watersports photography

WATERSPORTS PHOTOGRAPHY TIPS

Watersports make for some of the best photos. It’s great to take a crisp photo of a wakeboarder mid-air. If you head to a populated coastal region or local rivers on sunny days, you’ll almost always find someone bouncing across the water. Whether they are holding to a rope or to a sail of sailboard, the professionals are very good at making it look effortless.

STAYING SAFE

If you are going to head out into the water for your watersports photographic adventure, always think about safety. Make sure you are wearing a brightly coloured personal floatation device. Make sure you let those about know you are out there. If you don’t know who you are photographing, it’s always best to get permission. That’s a great way to break the ice. Furthermore, you need to be wary of powerboats and jet skis. Always be wary of your surroundings and it is your job to get out of the way.

FROM A DISTANCE OR IN THE WATER

If you are not into getting into the water, you are going to need a telephoto lens to take these photos. That’s a considerable investment but the telephoto lens is great for a wide range of outdoor photos. You’ll need a tripod to keep it steady too. If you are really looking to get some great photography, head down to one of the surfing competitions a Byron Bay each year. You’ll have ample opportunity and you won’t be alone with your telephoto lens.

If you don’t mind getting wet and you’re one for a bit more action, getting right into the thick of it with a fisheye lens is the other way to get some really amazing shots to share. If you’re a little new watersports photography, I suggest you stick with a longer focal length at around 100mm while keeping enough distance between yourself and the action so you don’t get bumped in the head.

Wide-angle lenses are good for when you want to give your photos some context but it is easy to make the subject look rather small in the whole frame.

CHECKING YOU ARE WATERPROOF

Now, there are not too many cameras that like getting wet. Even waterproof cameras don’t like it. They are built so that the camera doesn’t get wet. If you have armed yourself with a waterproof camera housing, I can’t stress the importance of testing it each time you use it. Place your camera in some water to make sure it is safe from water before you head out into the action.

Don’t forget about your camera bag either. It’s best to have a waterproof covering for that too. There’s a whole lot of water being thrown about in watersports and it’s way too easy for some of that spray (not to mention sand) to get into your gear.

If you’re heading to the beach for your photographic adventure, try not to change lenses because sand gets into everything, including your bag.

FAST MOVING ACTION

While there are loads to photograph with the fast moving action of many watersports, it’s no easy feat to get a great shot. Watersport photography is really the realm of the experienced. The only way you are going to get experience is to get out there. I recommend starting out in contained areas of water rather than heading out to the surf because taking photos while you are being thrown about in the waves is another tricky game altogether.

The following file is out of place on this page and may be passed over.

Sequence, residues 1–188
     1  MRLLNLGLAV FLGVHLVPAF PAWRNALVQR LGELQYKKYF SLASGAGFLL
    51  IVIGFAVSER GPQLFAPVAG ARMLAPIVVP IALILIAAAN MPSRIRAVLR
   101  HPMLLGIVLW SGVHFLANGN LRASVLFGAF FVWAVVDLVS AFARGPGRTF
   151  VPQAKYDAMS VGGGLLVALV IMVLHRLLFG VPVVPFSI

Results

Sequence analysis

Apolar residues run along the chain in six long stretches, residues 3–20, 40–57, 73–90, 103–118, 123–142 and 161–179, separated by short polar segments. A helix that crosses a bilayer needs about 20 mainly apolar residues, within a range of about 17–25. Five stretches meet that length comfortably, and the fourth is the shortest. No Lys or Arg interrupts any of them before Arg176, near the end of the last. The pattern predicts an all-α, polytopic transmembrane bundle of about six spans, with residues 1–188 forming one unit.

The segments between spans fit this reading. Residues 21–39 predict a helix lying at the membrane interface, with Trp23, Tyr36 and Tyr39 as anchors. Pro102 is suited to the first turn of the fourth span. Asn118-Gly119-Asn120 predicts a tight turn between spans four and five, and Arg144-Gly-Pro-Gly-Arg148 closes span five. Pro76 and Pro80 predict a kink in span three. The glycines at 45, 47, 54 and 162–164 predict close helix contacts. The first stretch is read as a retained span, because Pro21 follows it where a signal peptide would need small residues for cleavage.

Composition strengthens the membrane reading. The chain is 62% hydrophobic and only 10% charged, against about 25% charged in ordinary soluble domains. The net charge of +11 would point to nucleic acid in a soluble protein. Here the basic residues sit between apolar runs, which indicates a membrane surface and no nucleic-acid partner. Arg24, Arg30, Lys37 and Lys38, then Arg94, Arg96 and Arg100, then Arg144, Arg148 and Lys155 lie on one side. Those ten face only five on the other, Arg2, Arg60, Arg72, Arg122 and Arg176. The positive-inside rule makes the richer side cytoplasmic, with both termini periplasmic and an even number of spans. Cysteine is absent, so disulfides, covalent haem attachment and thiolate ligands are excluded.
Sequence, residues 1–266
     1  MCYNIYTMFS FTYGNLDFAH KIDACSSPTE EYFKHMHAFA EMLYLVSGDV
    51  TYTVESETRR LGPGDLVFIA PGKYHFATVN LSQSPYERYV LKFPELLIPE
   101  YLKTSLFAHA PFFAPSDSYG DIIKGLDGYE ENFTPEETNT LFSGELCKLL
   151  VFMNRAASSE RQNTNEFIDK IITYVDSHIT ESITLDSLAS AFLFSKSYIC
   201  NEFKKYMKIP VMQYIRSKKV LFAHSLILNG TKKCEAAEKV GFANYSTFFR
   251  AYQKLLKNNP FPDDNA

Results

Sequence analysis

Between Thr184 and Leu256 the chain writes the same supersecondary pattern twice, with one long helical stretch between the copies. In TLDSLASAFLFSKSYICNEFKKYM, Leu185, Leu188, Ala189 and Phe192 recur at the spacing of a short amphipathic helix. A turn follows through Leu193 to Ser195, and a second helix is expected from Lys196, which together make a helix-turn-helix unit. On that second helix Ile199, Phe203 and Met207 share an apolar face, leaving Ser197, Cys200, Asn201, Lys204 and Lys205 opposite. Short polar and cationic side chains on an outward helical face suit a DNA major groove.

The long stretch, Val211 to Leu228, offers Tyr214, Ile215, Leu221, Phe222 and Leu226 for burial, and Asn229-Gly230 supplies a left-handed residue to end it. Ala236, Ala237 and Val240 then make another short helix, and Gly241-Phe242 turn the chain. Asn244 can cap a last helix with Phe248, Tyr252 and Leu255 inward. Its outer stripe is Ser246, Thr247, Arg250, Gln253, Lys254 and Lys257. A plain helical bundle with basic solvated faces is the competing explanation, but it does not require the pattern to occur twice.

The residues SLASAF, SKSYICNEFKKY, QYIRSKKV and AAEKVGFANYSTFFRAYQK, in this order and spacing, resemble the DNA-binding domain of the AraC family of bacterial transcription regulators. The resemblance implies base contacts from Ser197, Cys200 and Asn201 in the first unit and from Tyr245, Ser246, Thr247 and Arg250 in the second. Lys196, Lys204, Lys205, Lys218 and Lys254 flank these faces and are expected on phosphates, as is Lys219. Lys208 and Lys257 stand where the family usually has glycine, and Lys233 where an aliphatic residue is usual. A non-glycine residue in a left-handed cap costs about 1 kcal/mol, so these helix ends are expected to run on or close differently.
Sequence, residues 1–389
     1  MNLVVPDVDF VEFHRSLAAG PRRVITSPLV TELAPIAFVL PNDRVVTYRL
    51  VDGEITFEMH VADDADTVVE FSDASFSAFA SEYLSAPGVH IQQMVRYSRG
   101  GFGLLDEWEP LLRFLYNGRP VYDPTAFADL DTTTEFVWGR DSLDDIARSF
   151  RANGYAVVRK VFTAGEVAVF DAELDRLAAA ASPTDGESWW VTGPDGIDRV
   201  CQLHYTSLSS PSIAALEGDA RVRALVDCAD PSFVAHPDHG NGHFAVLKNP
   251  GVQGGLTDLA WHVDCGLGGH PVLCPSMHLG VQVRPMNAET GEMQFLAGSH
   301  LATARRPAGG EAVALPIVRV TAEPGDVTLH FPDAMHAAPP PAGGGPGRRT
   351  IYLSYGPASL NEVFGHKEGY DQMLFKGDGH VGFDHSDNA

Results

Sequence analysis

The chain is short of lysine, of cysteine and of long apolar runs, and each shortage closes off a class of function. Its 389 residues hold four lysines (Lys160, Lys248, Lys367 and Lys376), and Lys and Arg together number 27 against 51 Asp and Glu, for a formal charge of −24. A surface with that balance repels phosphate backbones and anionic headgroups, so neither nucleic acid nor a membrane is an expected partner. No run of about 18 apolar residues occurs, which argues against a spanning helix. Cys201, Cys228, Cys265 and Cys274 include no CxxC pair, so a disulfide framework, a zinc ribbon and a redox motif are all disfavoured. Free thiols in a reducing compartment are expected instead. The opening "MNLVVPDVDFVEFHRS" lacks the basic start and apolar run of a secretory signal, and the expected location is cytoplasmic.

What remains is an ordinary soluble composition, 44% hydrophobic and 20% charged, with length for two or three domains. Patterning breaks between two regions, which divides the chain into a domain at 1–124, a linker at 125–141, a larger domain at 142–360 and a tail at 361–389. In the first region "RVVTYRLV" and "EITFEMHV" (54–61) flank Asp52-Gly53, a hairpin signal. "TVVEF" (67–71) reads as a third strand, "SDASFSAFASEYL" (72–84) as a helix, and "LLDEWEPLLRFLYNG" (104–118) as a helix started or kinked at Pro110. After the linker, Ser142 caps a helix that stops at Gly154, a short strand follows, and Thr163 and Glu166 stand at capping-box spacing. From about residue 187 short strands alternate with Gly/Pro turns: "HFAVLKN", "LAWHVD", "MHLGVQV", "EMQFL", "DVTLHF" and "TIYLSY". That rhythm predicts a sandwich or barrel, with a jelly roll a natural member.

SHUTTER SPEEDS

If you are getting serious about your watersports photography, you’ll really need to turn up your shutter speed to catch the moment. A Shutter speed of 1/100 and higher is required to catch the action on film, even if it is digital. I always switch to continuous shooting so that I am bound to get at least one great photo whenever I am photographing moving targets. Auto-focus is fine if it’s continuously tracking your target. I always try to pan slightly ahead so that my target can enter the frame.

By selecting a slightly slower shutter speed and panning simultaneously, you can add a sense of speed to your photos. That will bring some blur to the background. Playing around with different shutter speeds and panning techniques is a big part of the fun of moving action photographs. I personally like a blurred background and a subject in focus, but the choice is yours. For that, I like to add a pop-flash to really make the subject stand out.

FILL THE FRAME

Unless there is something really interesting like the wave the subject is riding on, I advise you go with filling the frame as much as possible. The key to great watersport photography is getting up close. Most people see watersports from a distance. A photo of a small person on top of a wave isn’t very interesting unless that is one gigantic wave you have in the frame.

Watch out for your horizons too because shooting vertically and horizontally give profound differences.

METERING THE LIGHT

Reflections make watersport photography a little more difficult than most other types of photography. You’ll need to keep an eye on your metering. This is because the bright sun and reflections will often result in images that appear to be underexposed. One way to deal with this is to dial down your light exposure.

As you can see from these tips, there is a lot going on with watersport photography.

It’s worth checking your histogram and using the highlight clipping feature on your camera to ensure.

BEFORE GETTING IN THE WATER

When I first got started in watersports photography, I started by taking action shots of people getting in and out of the water. I didn’t need the telephoto lens or the waterproof housing. There are lots of interesting things to take photos as you learn your way into this exciting area of photography.

 


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Martin White
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Martin is huge on everything outdoors and is even bigger on driving and technology. He loves boats, new stuff and writing about it.